Property News – 27 April 2023

RSA urges action on Stoke hall

Three years after the closure of the Stoke Memorial Hall, the Nelson Returned and Services Association (RSA) is urging Nelson City Council to act on the fate of the beleaguered building.

(Nelson Weekly, 19 April 2023)

Three Waters changes ‘very significant’

The government announced major changes to its Three Waters reforms last week and the feedback from the Nelson City Council chamber is mixed.

Nelson would have joined Entity C in the original proposal, alongside Wellington and the east coast of the North Island, with Tasman and Marlborough being split along the boundaries of the Ngāi Tahu takiwā.

(Nelson Weekly, 19 April 2023)

Historic homes open their doors

Seven privately-owned historic houses in the region will be opening their doors to the public next weekend as part of the Historical Homes Tour 2023, which showcases the beautiful architecture of days gone by and celebrates their history.

One of the featured homes on Ellis Street in Brightwater dates back to 1856, making it one of the oldest still inhabitable cottages in the area.

(Nelson Weekly, 19 April 2023)

Credit card spending and mortgage demand slides

Recent data from Equifax shows demand for credit card use in the Nelson region has declined significantly (-11.7 per cent) in the March 2023 quarter. Only Gisborne experienced a bigger decline (-14.8 per cent), which was attributed to the recent severe weather events. Nelson also saw the largest decline in mortgage demand, down 29.5 per cent while the national average has reached its lowest point since the index began in 2019, down 19.6 per cent year-on-year.

(Nelson Weekly, 19 April 2023)

Slipway upgrade in Port Nelson’s sights

The resource consent application to upgrade the Nelson Slipway has been lodged, with construction expected to begin in June.

Port Nelson has completed the preliminary design for the slipway upgrade, which will see the slip able to cater to vessels up to 550 tonnes, up from the current 120-tonne limit.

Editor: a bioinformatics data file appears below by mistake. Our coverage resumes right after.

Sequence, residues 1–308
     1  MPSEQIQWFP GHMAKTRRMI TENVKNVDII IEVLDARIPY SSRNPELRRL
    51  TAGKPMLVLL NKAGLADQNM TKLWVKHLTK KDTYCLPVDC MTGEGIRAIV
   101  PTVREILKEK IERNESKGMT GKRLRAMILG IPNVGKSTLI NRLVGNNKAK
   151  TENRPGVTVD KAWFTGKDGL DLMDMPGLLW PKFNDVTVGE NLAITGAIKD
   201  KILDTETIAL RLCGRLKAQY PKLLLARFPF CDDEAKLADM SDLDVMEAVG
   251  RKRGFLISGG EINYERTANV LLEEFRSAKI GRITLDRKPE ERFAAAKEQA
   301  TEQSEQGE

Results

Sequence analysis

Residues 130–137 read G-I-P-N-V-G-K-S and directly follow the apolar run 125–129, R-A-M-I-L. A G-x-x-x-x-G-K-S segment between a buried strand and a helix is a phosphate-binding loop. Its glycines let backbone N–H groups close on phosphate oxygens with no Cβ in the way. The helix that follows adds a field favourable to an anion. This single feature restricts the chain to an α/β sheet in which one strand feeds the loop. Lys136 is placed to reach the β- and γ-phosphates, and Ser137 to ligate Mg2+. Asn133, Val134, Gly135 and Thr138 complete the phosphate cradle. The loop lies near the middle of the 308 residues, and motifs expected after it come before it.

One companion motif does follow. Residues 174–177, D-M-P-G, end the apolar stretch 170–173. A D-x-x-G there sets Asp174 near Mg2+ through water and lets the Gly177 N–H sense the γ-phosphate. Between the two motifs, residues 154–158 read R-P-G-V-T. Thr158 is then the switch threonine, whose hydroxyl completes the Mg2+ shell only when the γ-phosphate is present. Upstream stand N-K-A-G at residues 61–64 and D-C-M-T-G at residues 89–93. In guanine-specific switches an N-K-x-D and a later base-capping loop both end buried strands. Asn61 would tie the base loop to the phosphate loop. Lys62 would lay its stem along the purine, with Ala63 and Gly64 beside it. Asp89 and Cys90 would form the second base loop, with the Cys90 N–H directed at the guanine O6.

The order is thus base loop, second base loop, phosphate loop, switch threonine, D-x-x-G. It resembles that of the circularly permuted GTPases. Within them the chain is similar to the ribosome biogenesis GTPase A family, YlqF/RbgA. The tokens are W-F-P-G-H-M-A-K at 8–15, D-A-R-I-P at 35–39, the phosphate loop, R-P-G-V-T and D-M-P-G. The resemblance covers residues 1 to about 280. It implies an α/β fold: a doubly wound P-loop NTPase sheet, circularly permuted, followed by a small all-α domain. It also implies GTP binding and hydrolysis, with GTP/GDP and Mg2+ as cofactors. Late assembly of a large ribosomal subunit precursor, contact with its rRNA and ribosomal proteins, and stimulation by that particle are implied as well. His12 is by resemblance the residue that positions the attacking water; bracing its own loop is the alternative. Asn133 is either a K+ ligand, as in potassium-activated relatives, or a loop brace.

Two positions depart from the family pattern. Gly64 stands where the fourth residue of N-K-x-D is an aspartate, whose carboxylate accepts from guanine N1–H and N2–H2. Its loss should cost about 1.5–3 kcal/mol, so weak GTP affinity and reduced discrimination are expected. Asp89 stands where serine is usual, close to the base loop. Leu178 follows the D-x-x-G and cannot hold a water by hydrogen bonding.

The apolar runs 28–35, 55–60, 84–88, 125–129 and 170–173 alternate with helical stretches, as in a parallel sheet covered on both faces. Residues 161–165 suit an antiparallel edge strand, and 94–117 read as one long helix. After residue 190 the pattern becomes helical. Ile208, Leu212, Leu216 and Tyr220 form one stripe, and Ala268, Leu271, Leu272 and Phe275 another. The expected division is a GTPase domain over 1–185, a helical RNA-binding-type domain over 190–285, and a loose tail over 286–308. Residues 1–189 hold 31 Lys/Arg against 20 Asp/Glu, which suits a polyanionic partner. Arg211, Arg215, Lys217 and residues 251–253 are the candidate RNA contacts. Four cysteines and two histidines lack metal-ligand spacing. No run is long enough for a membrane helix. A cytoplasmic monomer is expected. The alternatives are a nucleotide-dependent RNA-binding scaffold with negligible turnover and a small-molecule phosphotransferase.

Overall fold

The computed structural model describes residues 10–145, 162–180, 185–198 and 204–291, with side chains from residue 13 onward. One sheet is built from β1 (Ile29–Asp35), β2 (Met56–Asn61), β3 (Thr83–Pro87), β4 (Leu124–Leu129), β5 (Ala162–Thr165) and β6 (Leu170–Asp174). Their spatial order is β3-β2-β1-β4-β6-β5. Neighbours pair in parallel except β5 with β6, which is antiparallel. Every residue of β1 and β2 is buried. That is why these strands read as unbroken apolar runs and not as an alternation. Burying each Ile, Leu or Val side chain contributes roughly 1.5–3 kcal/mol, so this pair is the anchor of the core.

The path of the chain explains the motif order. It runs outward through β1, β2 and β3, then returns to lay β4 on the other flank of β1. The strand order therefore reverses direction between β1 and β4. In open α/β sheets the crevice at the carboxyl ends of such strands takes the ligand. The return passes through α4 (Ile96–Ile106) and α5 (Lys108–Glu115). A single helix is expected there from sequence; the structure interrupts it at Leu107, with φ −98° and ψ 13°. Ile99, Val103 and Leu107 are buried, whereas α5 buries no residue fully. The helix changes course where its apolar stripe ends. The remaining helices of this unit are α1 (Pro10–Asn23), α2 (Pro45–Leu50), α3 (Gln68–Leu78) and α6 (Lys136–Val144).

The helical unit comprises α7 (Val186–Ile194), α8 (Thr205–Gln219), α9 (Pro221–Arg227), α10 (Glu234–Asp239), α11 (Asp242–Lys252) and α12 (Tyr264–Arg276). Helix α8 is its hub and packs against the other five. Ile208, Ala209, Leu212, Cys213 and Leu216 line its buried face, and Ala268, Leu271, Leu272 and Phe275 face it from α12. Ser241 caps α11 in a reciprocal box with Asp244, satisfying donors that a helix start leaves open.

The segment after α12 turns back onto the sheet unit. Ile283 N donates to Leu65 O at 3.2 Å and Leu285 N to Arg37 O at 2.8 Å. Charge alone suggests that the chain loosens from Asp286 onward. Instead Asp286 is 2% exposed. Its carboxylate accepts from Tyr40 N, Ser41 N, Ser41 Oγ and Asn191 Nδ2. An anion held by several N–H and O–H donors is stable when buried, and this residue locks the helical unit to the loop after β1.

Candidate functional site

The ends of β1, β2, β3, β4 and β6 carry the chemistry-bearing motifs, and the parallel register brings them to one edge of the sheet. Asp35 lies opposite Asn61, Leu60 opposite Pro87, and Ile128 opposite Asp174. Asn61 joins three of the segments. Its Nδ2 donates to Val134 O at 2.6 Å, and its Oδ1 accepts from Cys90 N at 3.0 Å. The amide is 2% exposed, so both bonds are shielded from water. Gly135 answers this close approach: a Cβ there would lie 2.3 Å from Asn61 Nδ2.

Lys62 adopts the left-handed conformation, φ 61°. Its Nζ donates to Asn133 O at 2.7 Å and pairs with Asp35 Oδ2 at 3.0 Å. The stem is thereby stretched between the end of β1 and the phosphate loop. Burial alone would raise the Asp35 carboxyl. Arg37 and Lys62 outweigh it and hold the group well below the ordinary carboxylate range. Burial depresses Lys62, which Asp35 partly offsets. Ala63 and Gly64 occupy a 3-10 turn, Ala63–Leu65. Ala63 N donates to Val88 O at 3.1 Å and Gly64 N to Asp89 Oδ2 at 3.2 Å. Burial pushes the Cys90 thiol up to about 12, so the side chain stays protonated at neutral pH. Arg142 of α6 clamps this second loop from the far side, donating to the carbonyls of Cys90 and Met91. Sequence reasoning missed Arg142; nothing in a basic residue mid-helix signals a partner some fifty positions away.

(Nelson Weekly, 19 April 2023)

‘Non-renovators’ tackle heritage conversion

If it’s true that every building tells a story then this one would involve students, prisoners, public servants and, soon, tourists.

Built in 1860 as Hardy Street Girl’s School, this iconic Nelson building served as a public school for 30 years before being turned into offices for the Ministry of Works and later, the Ministry of Education. By the time current owners Jason and Jennifer Monopoli bought it 2019, it had morphed into private offices, predominantly for the not-for-profit sector.

(Nelson Mail, 19 April 2023)

Bike trail back in use

The popular Coppermine mountainbiking trail was fully reopened last weekend. A slip wiped out the track on the Maitai water pipeline access bench – and damaged the pipeline itself – during last August’s weather event. It had previously been closed due to forestry harvesting. Cyclists had to detour on to Maitai Valley Rd for a section of the trail between the Maitai Dam and Smith’s Ford. A bridge was airlifted into place over the damaged section last month, and the trail was reopened at the weekend. More than 5000 riders used the Coppermine Trail last year. The 42km loop is considered one of the country’s great rides.

(Nelson Mail, 19 April 2023)

High anxiety in High St

Shop verandas hit by campervans, costing owners thousands

A ‘‘banana shaped’’ main road and the growing popularity of campervans are being blamed for costly damage to verandas in Motueka’s main street.

Claire Hutt, the co-ordinator for Our Town Motueka, the local business association, said the camber of High St, likened to a ‘‘banana shape’’, meant that high-sided motorhomes or caravans scraped up against the shop frontages, in some cases completely removing them.

(Nelson Mail, 21 April 2023)

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